> platforms with Ethernet hardware that interoperate with platforms that
> send network packets with an odd number of octets. (In other words, I
> think it's a valid assumption.)


CHAR_BIT==16 would be extremely inconvenient in such environments. As I
understand it, that's why environments that violate such expectations
are the main places where you'll find implementations of C with
CHAR_BIT==16.
--
James Kuyper
 
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mathog
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      01-22-2013
Keith Thompson wrote:
> mathog <(E-Mail Removed)> writes:
>
> How would your proposal handle this on hardware with strict alignment
> requirements?
>
> #include <stdio.h>
>
> void func(int *ptr) {
> printf("*ptr = %d\n", *ptr);
> }
>
> int main(void) {
> memstruct foo {
> char c;
> int i;
> };
> memstruct foo obj = {'x', 42};
> func(&obj.i);
> return 0;
> }
>
> The problem: the `i` member of `memstruct foo` may be misaligned, but
> `func()` has no way of knowing that.


memstruct != struct

This is evolving as I go along here. Originally I thought it best
to be able to dereference a memstruct member as "obj.i" in a read
context to mean "copy (probably misaligned) bytes for i into a properly
aligned location which can then be read normally". Since this
destination might be, and in this case probably would be, a register,
the "&obj.i" would throw a compiler warning. However, I'm now thinking
it might be better simply to never allow a direct dereferencing of a
memstruct or one of its members at all, except to the extent it defines
a location in memory that is the location of another memstruct pointer
(or, of course, when it maps data 1:1 to the corresponding normal
struct). In which case in the example above it would still throw a
compiler warning, since it would be trying to pass a (pointer to
memstruct of an int), not a (pointer to an int), and the two are not
compatible. The second method is a bit peculiar in that "obj.i" of a
memstruct is something that has an address but does not have a value per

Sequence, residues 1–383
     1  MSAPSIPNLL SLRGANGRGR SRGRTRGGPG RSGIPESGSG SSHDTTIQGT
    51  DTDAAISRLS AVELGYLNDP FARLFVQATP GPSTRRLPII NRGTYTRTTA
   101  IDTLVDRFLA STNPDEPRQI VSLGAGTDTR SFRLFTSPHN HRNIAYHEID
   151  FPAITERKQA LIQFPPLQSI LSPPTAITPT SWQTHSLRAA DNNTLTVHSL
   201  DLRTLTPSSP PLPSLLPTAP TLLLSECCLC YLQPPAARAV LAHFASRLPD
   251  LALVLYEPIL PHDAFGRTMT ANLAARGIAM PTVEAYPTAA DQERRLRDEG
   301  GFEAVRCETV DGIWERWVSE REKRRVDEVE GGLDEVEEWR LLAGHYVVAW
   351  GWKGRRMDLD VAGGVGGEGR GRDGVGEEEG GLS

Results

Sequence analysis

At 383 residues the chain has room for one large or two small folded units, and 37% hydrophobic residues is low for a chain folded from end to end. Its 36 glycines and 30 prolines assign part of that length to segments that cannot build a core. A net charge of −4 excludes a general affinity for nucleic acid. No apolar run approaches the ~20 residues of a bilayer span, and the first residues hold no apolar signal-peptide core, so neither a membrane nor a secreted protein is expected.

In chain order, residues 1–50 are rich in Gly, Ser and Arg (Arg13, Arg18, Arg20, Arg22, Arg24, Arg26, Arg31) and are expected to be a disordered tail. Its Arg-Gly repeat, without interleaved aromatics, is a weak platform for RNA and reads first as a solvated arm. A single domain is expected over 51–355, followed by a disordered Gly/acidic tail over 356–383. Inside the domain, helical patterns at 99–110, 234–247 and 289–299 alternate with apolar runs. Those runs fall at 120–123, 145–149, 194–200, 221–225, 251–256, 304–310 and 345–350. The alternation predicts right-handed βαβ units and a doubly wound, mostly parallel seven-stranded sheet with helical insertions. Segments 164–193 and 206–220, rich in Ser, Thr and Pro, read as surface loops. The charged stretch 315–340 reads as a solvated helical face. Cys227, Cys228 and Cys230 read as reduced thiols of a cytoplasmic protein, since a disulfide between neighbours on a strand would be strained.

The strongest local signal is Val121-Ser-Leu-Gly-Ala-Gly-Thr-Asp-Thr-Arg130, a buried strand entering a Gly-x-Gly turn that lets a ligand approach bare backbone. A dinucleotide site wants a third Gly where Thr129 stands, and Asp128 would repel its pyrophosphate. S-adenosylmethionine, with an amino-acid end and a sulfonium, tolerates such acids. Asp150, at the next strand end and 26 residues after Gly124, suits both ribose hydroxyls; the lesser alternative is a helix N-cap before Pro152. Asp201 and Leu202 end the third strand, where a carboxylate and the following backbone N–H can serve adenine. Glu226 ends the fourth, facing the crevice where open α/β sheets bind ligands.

se. That is exactly what is going on now on some platforms, though,
where a misaligned uint32_t does have an address, but it is not one that
may be dereferenced. The advantage of putting this in the compiler is
that the situation would be obvious on all platforms, whereas on an x86
platform now this condition would not usually even
cause a hiccup.

That is
#include <stdio.h>

struct accumulator {
uint32_t N;
int32_t sumN;
}
struct foo {
uint8_t c;
struct accumulator acc;
uint32_t i;
};

memstruct foo memfoo; /* defines memfoo memstruct type */
memstruct accumulator memaccumulator;


void func(int *ptr) {
printf("*ptr = %d\n", *ptr);
}

void func2(memstruct memacumulator *acc){
struct accumulator anacc;
/* copy data to the corresponding struct. This is
one allowed form of dereferencing */
anacc = *acc;
printf("N:%d sumN:%d\n",anacc.N, anacc.sumN;
/* this is OK, other allowed form of "dereferencing",
actually just used to specify an address. No type
problem with memstruct * to void * */
func3("Location of acc->N = ",&acc->N);
/* this is NOT OK, memstruct * to int * */
func(&acc->N);
}
void func3(char *string, void *ptr) {
printf("%p\n", string, *ptr);
}

int main(void) {
struct foo obj;
memstruct memfoo memobj; /* this form _uses_ memfoo type */
/* fill memobj, equivalent to: memobj = {'x', {3,123}, 42};
obj = memobj; /* copy data memstruct -> struct */
func(&obj.i); /* no issue, this is a normal struct */
/* pass address of acc within this memstruct as
pointer to memstruct memaccumulator. Types match,
so no issue. */
func2(&memobj.acc);
/* Next is not allowed, no dereferencing a memstruct
field directly */
printf("memobj i field:%d\n",memobj.i);
return 0;
}

I see now what some of you were getting at about byte order and floats.
Originally I expected the programmer to have routines to further clean